This review may contain spoilers. I can handle the truth.
Addison’s review published on Letterboxd:
This review may contain spoilers.
Luke is the last Jedi, Snoke is the last Sith, and Star Wars is dead as we know it.
Rian Johnson’s complete departure from the typical formula established by Lucas will be leaving audiences disoriented for it’s entire theater run, and Disney’s approval of his methods shows the dedication they had to making the most introspective and groundbreaking Star Wars film yet. This isn’t your daddy’s Star Wars.
The Last Jedi is the first entry in the saga where plot gets completely out of the way in order to let the characters shine, rather than characters and plot equally lending themselves to each other like the other films do. Every major character has their own arc that began with The Force Awakens and finally saw resolution here. Rey has moved past her family. Finn has stopped running. Poe has learned to save the things he loves rather than attack what he hates. Kylo is no longer conflicted and knows exactly what he wants.
The writing from Rian Johnson and Carrie Fisher takes such a different route, but never feels like a purposeful departure from fan theories; it’s an unpredictable story that is purely original. Johnson and Fisher do not care at all about fan service, yet their unexpected choices—making Rey’s parents into nobodies for example—don’t feel like they are simply there to take people by surprise. Rey is now her own character and no longer needs a family, and that’s what’s so groundbreaking about that choice.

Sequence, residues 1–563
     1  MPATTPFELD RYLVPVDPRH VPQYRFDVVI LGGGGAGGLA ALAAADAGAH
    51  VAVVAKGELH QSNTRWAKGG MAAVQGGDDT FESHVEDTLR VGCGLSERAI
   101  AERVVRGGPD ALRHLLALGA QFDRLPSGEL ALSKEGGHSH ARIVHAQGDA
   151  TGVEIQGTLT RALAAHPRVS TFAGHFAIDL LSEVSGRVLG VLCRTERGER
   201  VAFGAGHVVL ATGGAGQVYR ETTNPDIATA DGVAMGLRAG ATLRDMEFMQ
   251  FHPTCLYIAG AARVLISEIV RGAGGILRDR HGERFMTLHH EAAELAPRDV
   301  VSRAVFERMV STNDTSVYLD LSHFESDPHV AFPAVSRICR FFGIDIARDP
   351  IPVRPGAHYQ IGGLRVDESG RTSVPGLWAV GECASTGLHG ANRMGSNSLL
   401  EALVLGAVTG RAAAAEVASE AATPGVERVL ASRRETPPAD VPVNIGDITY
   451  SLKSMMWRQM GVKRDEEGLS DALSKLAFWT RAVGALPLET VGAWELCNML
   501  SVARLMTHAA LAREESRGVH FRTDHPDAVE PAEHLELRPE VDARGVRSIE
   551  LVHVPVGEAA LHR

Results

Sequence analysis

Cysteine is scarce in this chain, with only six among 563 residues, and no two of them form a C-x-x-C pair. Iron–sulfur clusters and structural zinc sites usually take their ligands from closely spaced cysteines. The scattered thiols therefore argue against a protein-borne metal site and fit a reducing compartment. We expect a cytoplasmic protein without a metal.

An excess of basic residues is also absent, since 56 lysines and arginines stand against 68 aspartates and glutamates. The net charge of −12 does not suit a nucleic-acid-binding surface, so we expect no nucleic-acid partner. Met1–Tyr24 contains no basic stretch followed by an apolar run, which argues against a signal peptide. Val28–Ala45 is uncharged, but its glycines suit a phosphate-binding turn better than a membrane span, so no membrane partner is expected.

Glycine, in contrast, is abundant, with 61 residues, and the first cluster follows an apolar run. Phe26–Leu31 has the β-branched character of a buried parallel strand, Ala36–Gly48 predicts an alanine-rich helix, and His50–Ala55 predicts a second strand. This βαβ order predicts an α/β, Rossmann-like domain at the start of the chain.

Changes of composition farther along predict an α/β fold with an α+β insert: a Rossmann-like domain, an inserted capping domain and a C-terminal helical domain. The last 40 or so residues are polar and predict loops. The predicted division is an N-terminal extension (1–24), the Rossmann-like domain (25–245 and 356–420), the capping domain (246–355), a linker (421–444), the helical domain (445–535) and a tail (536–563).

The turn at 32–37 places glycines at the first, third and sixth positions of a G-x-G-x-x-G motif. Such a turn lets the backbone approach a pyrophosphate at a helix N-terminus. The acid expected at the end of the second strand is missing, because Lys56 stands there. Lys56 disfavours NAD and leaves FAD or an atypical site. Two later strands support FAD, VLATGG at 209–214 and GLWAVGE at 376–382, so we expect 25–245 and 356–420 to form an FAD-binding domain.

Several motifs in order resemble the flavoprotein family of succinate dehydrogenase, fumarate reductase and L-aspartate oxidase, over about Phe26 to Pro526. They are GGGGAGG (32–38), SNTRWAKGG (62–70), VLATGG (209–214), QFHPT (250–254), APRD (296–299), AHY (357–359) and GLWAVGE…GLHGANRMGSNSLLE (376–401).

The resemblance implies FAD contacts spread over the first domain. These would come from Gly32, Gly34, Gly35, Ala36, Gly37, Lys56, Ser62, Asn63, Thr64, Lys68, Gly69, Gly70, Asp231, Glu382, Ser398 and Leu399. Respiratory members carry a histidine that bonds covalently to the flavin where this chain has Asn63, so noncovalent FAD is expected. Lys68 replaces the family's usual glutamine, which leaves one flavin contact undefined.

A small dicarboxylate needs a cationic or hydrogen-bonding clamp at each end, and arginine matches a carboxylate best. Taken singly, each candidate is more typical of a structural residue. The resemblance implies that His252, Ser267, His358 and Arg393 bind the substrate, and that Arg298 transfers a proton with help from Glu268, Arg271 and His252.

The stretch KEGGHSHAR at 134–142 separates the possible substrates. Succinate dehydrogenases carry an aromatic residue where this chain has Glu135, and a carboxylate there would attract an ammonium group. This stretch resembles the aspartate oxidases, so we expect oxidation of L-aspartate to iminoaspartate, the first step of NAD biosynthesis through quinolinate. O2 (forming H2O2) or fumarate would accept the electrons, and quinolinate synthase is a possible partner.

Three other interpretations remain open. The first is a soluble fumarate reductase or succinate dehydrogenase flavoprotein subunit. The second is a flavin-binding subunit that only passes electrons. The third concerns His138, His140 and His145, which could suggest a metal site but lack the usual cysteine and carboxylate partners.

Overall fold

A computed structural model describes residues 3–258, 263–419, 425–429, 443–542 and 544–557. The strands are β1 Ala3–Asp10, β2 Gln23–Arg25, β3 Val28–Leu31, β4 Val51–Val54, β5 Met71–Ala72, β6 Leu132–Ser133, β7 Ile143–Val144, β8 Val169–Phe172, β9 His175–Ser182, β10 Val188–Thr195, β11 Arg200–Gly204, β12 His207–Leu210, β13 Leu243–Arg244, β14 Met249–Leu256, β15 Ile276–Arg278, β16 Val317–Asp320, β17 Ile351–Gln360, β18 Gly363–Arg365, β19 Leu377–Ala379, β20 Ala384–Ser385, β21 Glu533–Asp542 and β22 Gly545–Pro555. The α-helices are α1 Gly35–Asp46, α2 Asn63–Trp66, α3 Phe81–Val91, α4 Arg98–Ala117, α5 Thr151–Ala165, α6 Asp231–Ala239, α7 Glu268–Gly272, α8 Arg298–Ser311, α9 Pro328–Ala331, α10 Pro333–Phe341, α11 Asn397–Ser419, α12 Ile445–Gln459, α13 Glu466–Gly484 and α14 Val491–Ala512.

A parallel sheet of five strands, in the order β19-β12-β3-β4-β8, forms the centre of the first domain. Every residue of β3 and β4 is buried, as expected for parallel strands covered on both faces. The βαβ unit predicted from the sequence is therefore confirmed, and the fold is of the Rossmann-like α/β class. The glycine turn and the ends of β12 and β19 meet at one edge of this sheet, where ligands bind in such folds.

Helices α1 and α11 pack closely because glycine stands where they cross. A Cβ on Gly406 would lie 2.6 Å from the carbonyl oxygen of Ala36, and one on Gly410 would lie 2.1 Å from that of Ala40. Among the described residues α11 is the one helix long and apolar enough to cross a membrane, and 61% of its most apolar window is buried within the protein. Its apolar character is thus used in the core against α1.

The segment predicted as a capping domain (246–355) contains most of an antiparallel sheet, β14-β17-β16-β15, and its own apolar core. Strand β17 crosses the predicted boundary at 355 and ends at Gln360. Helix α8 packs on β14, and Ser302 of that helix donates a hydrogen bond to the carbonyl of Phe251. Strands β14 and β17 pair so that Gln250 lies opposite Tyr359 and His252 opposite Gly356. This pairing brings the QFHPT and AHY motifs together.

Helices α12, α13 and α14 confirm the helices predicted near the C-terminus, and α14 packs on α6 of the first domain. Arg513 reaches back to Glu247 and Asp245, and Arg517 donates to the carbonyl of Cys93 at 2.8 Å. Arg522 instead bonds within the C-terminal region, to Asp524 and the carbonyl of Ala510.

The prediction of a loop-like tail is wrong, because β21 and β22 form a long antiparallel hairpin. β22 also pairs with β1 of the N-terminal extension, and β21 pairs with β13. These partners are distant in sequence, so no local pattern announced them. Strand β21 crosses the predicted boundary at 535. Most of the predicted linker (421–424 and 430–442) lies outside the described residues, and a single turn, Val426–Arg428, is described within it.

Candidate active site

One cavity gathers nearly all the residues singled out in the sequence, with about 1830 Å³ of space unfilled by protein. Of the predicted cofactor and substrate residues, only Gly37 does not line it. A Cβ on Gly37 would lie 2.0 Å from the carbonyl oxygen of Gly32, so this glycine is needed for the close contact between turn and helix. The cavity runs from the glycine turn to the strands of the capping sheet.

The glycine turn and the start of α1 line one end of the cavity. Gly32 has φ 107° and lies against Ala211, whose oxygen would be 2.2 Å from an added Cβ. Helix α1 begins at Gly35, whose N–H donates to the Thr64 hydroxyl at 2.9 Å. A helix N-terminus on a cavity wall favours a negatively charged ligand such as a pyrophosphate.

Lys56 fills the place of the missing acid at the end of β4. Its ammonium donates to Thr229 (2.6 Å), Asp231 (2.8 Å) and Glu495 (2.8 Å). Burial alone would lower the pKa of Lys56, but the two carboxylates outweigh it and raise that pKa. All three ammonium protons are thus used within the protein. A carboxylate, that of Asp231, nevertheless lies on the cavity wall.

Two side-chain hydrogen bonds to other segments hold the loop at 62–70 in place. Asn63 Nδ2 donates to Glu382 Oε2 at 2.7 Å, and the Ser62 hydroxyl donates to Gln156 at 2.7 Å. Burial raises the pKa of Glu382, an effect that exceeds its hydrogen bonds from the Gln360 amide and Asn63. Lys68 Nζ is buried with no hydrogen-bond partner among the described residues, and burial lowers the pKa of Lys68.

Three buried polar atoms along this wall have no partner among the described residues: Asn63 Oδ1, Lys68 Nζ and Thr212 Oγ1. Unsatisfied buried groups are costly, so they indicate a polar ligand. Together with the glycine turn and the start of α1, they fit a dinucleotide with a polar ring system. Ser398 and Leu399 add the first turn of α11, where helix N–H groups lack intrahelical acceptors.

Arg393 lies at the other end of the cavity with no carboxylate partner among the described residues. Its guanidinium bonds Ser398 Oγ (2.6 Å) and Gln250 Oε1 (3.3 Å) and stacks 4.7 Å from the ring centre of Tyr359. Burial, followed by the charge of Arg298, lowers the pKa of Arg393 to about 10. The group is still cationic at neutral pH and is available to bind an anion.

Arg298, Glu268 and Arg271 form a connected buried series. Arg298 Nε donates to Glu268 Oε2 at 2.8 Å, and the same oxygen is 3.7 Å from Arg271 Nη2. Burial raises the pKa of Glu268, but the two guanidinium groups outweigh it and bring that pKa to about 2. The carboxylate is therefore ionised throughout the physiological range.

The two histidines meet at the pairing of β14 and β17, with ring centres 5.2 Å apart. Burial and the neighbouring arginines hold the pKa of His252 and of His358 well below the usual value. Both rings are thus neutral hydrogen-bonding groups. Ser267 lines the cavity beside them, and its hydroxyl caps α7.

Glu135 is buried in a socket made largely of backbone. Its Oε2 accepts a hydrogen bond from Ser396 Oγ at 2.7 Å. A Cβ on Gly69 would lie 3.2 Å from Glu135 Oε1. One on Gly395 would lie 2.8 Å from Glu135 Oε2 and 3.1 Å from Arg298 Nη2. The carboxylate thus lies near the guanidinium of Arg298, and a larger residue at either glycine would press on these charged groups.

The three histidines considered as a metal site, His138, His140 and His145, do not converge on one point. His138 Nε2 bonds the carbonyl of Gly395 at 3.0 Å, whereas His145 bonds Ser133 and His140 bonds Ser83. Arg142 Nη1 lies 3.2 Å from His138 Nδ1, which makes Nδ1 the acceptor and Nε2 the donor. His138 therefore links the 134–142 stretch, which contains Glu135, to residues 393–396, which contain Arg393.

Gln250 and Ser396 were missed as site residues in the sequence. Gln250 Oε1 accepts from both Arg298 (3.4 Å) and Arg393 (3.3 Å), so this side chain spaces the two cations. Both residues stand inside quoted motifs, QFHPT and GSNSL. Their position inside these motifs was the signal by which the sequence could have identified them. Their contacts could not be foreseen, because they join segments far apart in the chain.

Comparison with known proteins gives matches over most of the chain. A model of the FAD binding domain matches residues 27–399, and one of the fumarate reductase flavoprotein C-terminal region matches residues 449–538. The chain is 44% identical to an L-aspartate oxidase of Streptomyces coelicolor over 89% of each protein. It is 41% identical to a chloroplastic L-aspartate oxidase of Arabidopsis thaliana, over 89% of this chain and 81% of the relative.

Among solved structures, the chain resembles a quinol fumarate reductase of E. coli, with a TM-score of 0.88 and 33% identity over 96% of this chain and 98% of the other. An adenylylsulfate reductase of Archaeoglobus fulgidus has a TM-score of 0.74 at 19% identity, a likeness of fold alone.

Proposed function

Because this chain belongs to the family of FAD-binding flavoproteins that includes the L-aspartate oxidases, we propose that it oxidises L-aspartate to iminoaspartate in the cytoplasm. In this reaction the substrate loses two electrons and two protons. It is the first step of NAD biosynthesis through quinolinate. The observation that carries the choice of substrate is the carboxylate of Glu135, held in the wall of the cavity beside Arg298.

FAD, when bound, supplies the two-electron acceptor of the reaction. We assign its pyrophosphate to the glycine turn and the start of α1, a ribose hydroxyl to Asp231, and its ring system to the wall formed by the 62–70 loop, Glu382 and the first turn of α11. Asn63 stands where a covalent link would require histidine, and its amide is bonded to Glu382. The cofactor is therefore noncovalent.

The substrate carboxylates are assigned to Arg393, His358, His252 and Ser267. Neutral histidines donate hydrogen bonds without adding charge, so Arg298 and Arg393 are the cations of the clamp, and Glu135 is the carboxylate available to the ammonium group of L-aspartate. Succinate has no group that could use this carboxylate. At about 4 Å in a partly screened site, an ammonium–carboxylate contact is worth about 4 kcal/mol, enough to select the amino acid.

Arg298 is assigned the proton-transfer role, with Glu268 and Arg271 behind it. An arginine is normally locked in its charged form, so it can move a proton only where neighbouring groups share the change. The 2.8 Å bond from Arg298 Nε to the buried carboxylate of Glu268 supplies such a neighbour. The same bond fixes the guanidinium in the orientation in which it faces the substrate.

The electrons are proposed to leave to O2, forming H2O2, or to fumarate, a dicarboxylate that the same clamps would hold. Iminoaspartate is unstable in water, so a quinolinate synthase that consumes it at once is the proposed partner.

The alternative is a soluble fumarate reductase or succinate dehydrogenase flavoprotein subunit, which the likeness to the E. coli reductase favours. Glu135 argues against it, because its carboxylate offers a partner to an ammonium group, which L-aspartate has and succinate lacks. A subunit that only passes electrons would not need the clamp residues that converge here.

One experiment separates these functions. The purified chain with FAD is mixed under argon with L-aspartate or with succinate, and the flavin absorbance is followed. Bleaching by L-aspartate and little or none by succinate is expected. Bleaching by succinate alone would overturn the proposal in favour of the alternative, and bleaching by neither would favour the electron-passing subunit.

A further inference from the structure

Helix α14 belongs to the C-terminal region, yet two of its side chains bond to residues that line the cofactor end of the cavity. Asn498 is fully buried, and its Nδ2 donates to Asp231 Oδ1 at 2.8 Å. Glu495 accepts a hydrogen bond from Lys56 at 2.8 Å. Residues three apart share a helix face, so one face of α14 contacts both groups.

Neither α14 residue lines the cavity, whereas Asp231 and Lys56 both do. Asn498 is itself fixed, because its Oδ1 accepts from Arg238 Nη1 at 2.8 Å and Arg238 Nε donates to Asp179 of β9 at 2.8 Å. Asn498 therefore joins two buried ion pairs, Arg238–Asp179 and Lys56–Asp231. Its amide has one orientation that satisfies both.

The Last Jedi has not only Mark Hamill’s finest acting, but the most mature and developed Luke. Dying on his own terms without giving Kylo the satisfaction was the perfect capper to the character who used to be far too rash for his own good in his actions. I get the feeling he still could not have faced Leia in the flesh with the weight of his guilt.
With the deaths of Luke and Snoke, all that is left is balance in the force. Rey is just as much of a Jedi as Kylo is a Sith—there is now balance between light and dark without barely any influence from Jedi or Sith teachings. Rey and Kylo are evenly matched, displayed by the brilliant moment where they split the lightsaber in half (one of the many images that has been burned into my head).
I barely slept last night after I saw this film; it crawled under my skin and kept me thinking about it for hours after it ended. The Last Jedi is the first film of it’s kind that stuck in my mind the way that it did, and is quite possibly the most baffling blockbuster ever made. I’m excited to see it multiple more times to unpack it’s mysteries.
This is the best Star Wars film.